The Cosmic Web of Baryons

The Cosmic Web of Baryons

A White Paper submitted to Galaxies across Cosmic Time (GCT) and The Cosmology and Fundamental Physics (CFP) Science Frontiers Panels Joel N. Bregman Department of Astronomy University of Michigan Ann Arbor, MI 48109-1042 Email: jbregman@umich.edu Telephone: 734-764-3454 Claude R. Canizares, Massachusettes Institute of Technology Reynue Cen: Princeton University Jan-Willem den Herder: SRON Netherlands Institute for Space Research Massimiliano Bonamente: University of Alabama in Huntsville Taotao Fang: University of California, Irvine Massimiliano Galeazzi: University of Miami Edward Jenkins: Princeton University Jelle S. Kaastra: SRON Netherlands Institute for Space Research Fabrizio Nicastro: Harvard Smithsonian Center for Astrophysics Smita Mathur: Ohio State University Takaya Ohashi: Tokyo Metropolitan University Frtis Paerels: Columbia University Kenneth Sembach: Space Telescope Science Institute Norbert Schulz: Massachusettes Institute of Technology Blair Savage: University of Wisconsin Randall Smith: Harvard Smithsonian Center for Astrophysics Noriko Yamasaki: ISAS/JAXA Bart Wakker: University of Wisconsin

1. The Science Goals

Ordinary matter (baryons) represents .4.6% of the total mass/energy density of the Universe but less than 10% of this matter appears in collapsed objects (stars, galaxies, groups; Fukugita & Peebles 2004). Theory predicts that most of the baryons reside in vast unvirialized filaments that connect galaxy groups and clusters (the “Cosmic Web”; Fig 1b). After reionization, the dominant heating mechanism is through the shocks that develop when large-scale density waves collapse in the dark matter. As large-scale structure becomes more pronounced with cosmological time, the gas is increasingly shock-heated, reaching temperatures of ( F X > 2 * 10 ) -11 K for z < 1 (Fig. 1a). Additional heating occurs through star-formation driven galactic winds and AGN, processes that pollute the surroundings with metals.
x = b ± b 2 4 a c 2 a .
Figure 1. (left panel) The differential gas mass fraction at as a function of temperature at low redshift for the ΛCDM cosmological simulation of Cen & Ostriker (2006). This distribution is sensitive to the presence of galactic superwinds (solid red line; dashed line is without superwinds). The ions with the strongest resonance lines in the ( F X > 2 * 10 ) -11 K range are shown, and except for OVI (UV line; 1035 Å), the other lines lie in the X-ray band. (right panel) The density distribution of baryons at low redshift from the same simulations. Most of the mass of the WHIM lies within the filaments that connect the higher density regions. Ly α studies and OVI absorption line studies detect warm baryons, but ~50% of the baryons remain unaccounted for (Danforth & Shull 2008). These “missing baryons” can only be observed through X-ray studies. Therefore, a basic goal is to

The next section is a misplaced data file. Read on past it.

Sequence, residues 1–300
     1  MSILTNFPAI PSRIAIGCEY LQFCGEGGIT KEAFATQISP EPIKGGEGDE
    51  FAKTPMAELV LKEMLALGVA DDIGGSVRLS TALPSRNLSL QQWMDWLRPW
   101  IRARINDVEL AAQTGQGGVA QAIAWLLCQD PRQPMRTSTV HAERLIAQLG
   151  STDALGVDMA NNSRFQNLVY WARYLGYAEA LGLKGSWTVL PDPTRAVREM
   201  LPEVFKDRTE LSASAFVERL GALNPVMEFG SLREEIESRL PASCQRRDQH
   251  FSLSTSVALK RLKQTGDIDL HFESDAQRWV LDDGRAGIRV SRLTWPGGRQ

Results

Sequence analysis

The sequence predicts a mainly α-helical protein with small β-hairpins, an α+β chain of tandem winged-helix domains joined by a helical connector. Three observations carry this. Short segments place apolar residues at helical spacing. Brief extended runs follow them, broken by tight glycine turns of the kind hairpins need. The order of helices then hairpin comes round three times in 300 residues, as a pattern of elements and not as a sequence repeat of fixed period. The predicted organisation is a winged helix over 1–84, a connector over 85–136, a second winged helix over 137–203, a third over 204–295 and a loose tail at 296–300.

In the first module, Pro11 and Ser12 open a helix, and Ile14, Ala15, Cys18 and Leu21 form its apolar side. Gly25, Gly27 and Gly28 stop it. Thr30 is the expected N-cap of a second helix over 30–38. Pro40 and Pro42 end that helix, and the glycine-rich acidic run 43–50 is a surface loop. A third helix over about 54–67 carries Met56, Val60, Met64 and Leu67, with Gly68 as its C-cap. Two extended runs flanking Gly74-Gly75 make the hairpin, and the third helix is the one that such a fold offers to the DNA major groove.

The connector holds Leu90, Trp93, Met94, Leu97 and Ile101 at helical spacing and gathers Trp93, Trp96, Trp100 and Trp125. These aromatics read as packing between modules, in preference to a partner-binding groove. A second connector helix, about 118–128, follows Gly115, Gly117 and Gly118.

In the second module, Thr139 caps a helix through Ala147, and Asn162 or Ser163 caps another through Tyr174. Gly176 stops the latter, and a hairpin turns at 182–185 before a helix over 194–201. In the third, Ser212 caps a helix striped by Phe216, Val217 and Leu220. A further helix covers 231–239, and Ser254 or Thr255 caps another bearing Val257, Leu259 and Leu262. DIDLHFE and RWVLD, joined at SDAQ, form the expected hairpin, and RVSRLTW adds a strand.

• Determine if the missing baryons exist in the predicted hot phase.
In the standard cosmology, chemical enrichment of the IGM occurs through galactic superwinds, a powerful feedback mechanism that also heats the gas. The shocks and superwinds leave distinctive features on absorption lines, such as double-lines (for a line of sight passing through a galactic superwind shell) and turbulent broadening. This feedback mechanism not only extends the cross section of the metal-enhanced regions, its effects are ion-dependent. An example of this is shown below (Figure 2; from Cen and Fang 2005), where there are significant differences between the three oxygen ions.

Figure 2. The absorption resulting from a line of sight through the simulation of Cen and Fang (2005; above), with galactic superiwnds (black) and without (red). The superwind region creates a double line absorption profile in this case and the OVIII lines are greatly enhanced. These observational diagnostics allow us to pursue our second science goal:

  • Test the large-scale structure and galactic superwind heating of the Cosmic Web

The extent of the superwinds and the elemental mixing can be determined by studying the spatial relationship between hot gas seen through X-ray absorption and the location of galaxies (Stocke et al. 2006). By studying the same sight lines with X-rays and UV-optical bands, we will discover the relationship of all temperature components to the galactic environment. Therefore, X-ray studies will

  • Measure the extent of galactic superwinds and the chemical mixing process.

Finally, the baryons lie in Cosmic Web filaments extending between groups and clusters at 1-2 Rvirial, as seen in Figure 1. Current surface brightness measurements rarely extend beyond 0.7Rvirial, yet they already suggest examples of the expected phenomenon (e.g., Werner et al. 2008). Studies of these structures become feasible when the limiting X-ray surface brightness can be lowered by an order of magnitude. This improvement is now possible, so our last goal is achievable: